Psychology: Why we make (and break) resolutions

Do you make New Year’s resolutions? And, if so, do you keep them? Velvet writer Riadh Falvo looks into the psychology of making, breaking and keeping resolutions

If you’re looking back at some of those failed resolutions from this time last year - whether they’re serving as a reminder that you’re bound to fail, or if they inspire you instead to try harder, love longer, laugh louder, forgive and try again for 2022 - just remember that this tradition is destined to live on whether we win or lose those little wagers we make with ourselves. We have 4,000 years of history of making (and largely breaking) New Year’s resolutions, and yet here we are, still hopeful.

Velvet looks into the psychology of making - and breaking - New Year's resolutions (53621000)
Velvet looks into the psychology of making - and breaking - New Year's resolutions (53621000)

So why do we make NY resolutions? “In the dark of winter when reminders of light are increasingly fleeting, people may use the arrival of a new year as a temporal marker of a new chapter, something that has been called by researchers as the ‘fresh-start effect’,” says Dr Nelli Ferenczi of Brunel University London’s Centre for Culture and Evolution, Psychology (citing Dai, Milkman, & Riis, 2014). “The ‘fresh-start effect’ refers to people relying on certain time periods as markers for new beginnings – such as a new year, new school year, new semester, start of a season, etc.”

Or, according to one Cambridge-based counsellor: “I think we make them because it is innate in us to always do better, achieve more, and to be a better version of ourselves.”

What are some of the reasons we break them? “Time: we expect that just like the countdown on NYE, to a new calendar, it is easy to change,” says a Cambridge psychotherapist. To paraphrase, it is difficult to change overnight. A better question might be why we wish to change in the first place and in whose eyes? If it is to be seen as something else, anything other than what we are, to another, then we are doomed to fail. Adds the expert: “In order to change, we need to accept what it is that we want and why, and this in itself is a process that takes time.”

Basically, we set ourselves up for failure. “There could be a number of reasons why we break NY resolutions, such as setting ourselves unrealistic goals, and changing circumstances over which we have no control,” says Fahim Rochford, another psychotherapist based in Cambridge. “If the basis for the resolution is what others are telling you to do or what to change, we are bound to fail. What CAN be helpful is to reflect on the one true motivation behind what it is you would like to change, and why.”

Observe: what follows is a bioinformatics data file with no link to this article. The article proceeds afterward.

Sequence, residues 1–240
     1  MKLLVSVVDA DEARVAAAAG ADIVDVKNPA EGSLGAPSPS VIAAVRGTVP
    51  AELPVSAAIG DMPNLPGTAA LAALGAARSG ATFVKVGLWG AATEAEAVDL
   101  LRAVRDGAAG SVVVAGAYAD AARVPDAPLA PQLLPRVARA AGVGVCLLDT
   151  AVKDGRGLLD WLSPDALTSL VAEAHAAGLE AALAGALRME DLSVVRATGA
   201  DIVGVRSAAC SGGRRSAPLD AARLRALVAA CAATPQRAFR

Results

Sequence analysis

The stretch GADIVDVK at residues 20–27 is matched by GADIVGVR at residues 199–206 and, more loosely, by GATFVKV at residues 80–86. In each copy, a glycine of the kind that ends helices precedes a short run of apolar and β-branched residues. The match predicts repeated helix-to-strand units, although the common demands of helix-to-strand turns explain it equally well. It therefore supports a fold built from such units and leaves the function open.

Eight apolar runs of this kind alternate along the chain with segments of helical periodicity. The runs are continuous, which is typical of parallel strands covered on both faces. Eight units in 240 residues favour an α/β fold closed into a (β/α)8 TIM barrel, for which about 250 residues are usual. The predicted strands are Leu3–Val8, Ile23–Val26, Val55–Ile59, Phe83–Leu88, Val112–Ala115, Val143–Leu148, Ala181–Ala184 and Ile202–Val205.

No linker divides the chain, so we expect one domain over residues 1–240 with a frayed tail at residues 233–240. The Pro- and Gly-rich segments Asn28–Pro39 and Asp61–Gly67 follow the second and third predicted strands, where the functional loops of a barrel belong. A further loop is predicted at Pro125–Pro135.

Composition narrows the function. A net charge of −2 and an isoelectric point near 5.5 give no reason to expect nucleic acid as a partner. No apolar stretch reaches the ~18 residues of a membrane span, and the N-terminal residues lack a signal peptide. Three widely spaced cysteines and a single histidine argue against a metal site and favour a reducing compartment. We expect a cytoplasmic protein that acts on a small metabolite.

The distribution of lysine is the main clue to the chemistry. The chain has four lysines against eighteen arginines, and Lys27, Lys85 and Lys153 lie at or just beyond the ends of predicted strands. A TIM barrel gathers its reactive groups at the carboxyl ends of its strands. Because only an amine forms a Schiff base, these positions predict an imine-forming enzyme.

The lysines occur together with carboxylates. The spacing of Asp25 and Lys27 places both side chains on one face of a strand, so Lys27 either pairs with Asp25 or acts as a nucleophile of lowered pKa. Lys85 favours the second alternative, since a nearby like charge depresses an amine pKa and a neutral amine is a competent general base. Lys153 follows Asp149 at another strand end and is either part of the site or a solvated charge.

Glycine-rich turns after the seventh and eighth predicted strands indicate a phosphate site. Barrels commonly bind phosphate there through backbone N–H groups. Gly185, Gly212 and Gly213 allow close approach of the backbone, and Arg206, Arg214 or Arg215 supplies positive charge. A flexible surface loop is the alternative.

What are we resolving to do - and why? “In a study of more than 1,000 participants in Sweden - Oscarsson, Carlbring, Andersson, & Rozenthal, 2020 - researchers found that the most popular New Year’s resolutions focused on the ways that we present ourselves: specifically physical health, weight loss, and eating habits,” says Dr Ferenczi. “Other research suggests that recurring themes include personal growth, academic success, and interpersonal relationships.”

According to YouGov, health dominates the resolutions chart for 2022. Doing more exercise and improving fitness comes top (53%), with losing weight (48%) in second place and improving diet third (39%). Up six percentage points from last year, 15% of resolution-makers aim to spend less time on social media.

Velvet looks into the psychology of making - and breaking - New Year's resolutions (53621001)
Velvet looks into the psychology of making - and breaking - New Year's resolutions (53621001)

How can we keep our resolutions? “The researchers followed up with participants a year later to find that over half - 55% - felt that they had been successful in keeping their New Year’s resolutions,” continues Dr Ferenczi.

“Interestingly, participants who take a more approach-oriented perspective to their goals were more successful in keeping their resolutions compared to those who took an avoidance-oriented perspective.

“A little external help didn’t go amiss either – in this experimental study, participants who were given information about the positive impacts of social support as well as exercises to overcome common hurdles when trying to complete personal goals, were more successful in keeping their New Year’s resolutions.”

Take-home message: social support seems to be important to keeping resolutions. Also, framing goals as something to approach rather than something to avoid, ie. “I will improve my physical health by learning how to run 5k” is an example of an approach-oriented goal that focuses on positive outcomes; “I will avoid eating junk food because I will be unhealthy” is an avoidance-oriented goal because it focuses on negative outcomes.

Just the act of making yourself a little promise can help to make a challenging situation easier to navigate. It can also eventually improve our lives because just envisioning a better future motivates you to take the steps necessary to make it happen.

Just remember what the experts say: try to make those resolutions more manageable, more achievable, therefore more successful by linking them to something positive that is already a habit - and, perhaps most importantly, forgive yourself if you break them.

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